This is an excerpt from the May/June 2013 InTech by Augie DiGiovanni and John Renick. To read the full  article, please see the link at the bottom of this post.

Make use of technology to overcome barriers to better maintenance practices

When designing a batch system, engineers often select the control solution based on the size of a system and not the complexity of its procedures. It is traditionally thought that small batch systems require a controller-based sequencing solution, while large systems require a server-based solution. Despite tradition, the size of a system is not the best 2013_06_cover-story_story-page-lead-artindicator of an appropriate solution; a small application or single-unit may have complex requirements. For example, a unit may have hundreds of recipes, making the batch and sequencing extremely complicated when using a hard-coded or controller-based system.

To identify the right solution, users can consider three commonly used types of batch and sequencing solutions: 1) hard-coded, 2) controller-based, and 3) server-based (often referred to as comprehensive).

Very few systems can leverage a custom, hard-coded solution, as it typically only allows for formula values (set points) to be downloaded to a fixed sequence. As a result, when the sequence must change, users are forced to change the code. This adds risk to the process and can add significant cost in terms of retesting and validating the system.

To combat the rigidity of a hard-coded solution, engineers often turn to a pre-developed controller-based sequencer solution for their small, non-complex batching needs. This is appropriate if the application requires sequence-management capabilities, but the complexity of the process may not be great enough to warrant a server-based software package.

The server-based solution provides the ability to manage a larger amount of equipment with more complex requirements. This solution provides validation advantages that come from class-based equipment and recipe definitions, greatly reducing the amount of validation required compared to the other solutions.

But how does one know if the complexity of the process calls for a server-based solution? While a small system usually requires a small amount of equipment, it can be accompanied by simple or complex requirements (see Figure 1). To determine whether or not a system has simple or complex requirements, one must answer the following questions:

  • Does your system have fewer than 32 recipes?
  • Is the complete batch built in a single (ISA-88) unit?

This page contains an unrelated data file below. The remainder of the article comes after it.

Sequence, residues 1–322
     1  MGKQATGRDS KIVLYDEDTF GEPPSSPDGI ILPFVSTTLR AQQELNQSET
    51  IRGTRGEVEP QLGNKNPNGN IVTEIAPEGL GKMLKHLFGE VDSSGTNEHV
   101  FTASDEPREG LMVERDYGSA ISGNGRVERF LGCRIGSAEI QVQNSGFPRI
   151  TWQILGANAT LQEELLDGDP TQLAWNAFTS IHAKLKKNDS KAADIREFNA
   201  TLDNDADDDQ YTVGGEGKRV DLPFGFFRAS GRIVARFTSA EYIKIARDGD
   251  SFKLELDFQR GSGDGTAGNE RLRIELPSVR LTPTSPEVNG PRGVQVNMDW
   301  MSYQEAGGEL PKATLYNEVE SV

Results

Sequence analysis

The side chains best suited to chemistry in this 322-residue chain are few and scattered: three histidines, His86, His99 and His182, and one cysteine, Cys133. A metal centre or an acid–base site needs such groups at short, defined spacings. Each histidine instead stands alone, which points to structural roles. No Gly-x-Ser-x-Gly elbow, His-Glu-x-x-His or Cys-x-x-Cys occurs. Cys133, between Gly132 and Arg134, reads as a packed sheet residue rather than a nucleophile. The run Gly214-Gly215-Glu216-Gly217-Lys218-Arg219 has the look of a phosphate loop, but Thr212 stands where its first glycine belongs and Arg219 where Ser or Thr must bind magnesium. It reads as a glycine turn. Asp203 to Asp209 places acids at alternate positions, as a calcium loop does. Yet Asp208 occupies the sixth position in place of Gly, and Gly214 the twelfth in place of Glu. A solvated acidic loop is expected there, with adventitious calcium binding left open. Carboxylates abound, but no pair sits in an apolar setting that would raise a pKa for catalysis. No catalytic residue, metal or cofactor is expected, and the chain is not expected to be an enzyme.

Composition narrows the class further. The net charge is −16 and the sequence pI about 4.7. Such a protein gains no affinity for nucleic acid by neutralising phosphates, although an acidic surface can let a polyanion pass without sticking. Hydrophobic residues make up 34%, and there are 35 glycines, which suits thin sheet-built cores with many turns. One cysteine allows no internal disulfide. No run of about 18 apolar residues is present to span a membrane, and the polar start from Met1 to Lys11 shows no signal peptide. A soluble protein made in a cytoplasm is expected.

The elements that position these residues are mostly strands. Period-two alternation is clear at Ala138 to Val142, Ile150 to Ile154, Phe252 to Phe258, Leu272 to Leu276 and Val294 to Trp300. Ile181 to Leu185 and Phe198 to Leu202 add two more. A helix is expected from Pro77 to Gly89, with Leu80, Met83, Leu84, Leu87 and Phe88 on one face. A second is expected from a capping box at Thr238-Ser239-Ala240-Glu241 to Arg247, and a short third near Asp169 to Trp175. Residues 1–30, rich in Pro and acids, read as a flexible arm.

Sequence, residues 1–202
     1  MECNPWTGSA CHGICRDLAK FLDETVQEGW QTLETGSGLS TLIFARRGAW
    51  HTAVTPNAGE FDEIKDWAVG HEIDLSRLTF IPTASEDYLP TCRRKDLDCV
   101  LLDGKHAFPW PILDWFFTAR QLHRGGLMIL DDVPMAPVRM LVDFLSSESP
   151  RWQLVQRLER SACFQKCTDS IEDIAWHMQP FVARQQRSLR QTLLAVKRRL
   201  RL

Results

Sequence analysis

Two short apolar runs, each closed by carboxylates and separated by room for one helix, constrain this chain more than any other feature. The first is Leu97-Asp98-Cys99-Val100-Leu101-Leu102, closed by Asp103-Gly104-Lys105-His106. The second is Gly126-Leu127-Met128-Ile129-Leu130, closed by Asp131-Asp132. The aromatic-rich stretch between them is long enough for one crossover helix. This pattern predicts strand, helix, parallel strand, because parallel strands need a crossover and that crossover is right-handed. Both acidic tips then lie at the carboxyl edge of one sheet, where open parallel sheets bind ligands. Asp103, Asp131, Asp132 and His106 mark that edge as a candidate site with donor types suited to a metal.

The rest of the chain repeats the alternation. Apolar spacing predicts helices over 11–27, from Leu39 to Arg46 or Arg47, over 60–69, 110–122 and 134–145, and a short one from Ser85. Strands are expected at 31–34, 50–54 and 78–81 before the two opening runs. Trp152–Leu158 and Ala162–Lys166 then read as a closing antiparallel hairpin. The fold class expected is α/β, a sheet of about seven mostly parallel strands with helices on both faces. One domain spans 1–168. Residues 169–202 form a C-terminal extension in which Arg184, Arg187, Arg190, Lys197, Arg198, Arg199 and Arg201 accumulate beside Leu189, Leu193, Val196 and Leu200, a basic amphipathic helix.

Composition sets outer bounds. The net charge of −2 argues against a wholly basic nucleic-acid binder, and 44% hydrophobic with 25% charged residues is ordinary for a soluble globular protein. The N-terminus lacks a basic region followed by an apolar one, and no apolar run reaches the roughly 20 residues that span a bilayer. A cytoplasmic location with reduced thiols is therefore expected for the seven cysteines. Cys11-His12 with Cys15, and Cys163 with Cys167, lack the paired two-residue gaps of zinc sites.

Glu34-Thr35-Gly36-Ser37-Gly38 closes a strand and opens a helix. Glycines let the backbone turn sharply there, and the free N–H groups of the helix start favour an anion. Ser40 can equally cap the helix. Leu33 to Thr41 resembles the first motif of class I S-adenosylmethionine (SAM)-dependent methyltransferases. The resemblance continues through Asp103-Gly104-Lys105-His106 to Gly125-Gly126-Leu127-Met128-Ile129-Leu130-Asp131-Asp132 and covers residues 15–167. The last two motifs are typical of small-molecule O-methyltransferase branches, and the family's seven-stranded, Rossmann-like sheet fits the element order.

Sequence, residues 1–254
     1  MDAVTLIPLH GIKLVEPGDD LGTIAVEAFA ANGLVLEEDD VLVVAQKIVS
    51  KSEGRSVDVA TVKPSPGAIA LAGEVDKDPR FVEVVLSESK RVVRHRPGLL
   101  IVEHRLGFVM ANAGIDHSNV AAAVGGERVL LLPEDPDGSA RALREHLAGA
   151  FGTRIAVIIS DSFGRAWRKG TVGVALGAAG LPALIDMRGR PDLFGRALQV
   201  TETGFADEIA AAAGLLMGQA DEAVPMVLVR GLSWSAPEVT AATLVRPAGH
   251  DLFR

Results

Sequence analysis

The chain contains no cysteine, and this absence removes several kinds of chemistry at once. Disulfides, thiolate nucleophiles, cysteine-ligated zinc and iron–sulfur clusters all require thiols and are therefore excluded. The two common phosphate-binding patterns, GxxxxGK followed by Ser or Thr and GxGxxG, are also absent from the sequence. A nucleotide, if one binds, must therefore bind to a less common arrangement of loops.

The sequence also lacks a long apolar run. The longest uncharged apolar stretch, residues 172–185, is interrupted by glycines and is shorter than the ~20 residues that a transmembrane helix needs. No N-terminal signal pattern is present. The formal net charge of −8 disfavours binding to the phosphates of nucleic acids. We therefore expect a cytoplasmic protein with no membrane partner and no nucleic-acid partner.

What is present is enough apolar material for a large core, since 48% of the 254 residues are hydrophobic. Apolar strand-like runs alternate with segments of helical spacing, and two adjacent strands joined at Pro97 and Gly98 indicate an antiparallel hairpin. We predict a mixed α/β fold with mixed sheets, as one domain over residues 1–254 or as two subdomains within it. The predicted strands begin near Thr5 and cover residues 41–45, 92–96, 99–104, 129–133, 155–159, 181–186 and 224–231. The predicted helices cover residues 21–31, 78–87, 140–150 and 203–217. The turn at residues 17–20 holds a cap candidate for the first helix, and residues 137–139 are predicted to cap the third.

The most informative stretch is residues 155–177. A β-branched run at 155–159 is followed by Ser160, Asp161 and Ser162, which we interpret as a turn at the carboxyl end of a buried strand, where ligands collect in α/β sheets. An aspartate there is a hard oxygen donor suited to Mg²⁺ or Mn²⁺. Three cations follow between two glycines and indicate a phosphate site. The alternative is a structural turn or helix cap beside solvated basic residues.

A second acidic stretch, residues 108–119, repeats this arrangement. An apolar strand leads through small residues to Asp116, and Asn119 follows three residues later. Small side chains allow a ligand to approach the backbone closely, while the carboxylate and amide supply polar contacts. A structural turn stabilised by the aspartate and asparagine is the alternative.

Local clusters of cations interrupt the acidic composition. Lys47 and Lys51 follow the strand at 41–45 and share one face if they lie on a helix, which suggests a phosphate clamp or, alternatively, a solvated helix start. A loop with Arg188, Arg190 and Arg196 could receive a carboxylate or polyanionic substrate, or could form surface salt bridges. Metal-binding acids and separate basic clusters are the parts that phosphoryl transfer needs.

• Can you define your batch procedure without branches or loop backs?
  • Does your system capture fewer than four report values (real type) per phase instance?
  • Does your system have four or fewer recipe parameters (real type) per phase instance?
  • Does your system have enough controller memory for the application?

If every answer is yes, then controller-based batch and sequencing may be sufficient. If only some − or none − of the answers to these questions are yes, a server-based solution is the more suitable choice.

After considering the technical requirements of the system, engineers should also evaluate the pros and cons of each solution, starting with total cost of ownership. The real cost of a system must figure into the decision, whether the solution is long term or short term. A short-term solution may only consider the need to sequence phases in a controller, while a long-term solution may consider the capture of extensive batch activity data, traceability, and interactions with other systems.

To read the full article on asset management systems, click here.

About the Authors
John RenickJohn Renick is the partner solutions manager for Meridium, Inc. He has more than 12 years of experience working with asset-intensive industries. Prior to this position, he was the product manager overseeing Meridium’s APM framework, production loss accounting module, mobile framework, and Meridium mobile solutions.

Augie DiGiovanniAugie DiGiovanni is vice president of asset optimization services in Emerson’s asset optimization business. He is responsible for leading the design, implementation, and completion of service projects, machinery health management programs, and reliability solutions. Contact Augie at augie.digiovanni@emerson.com.

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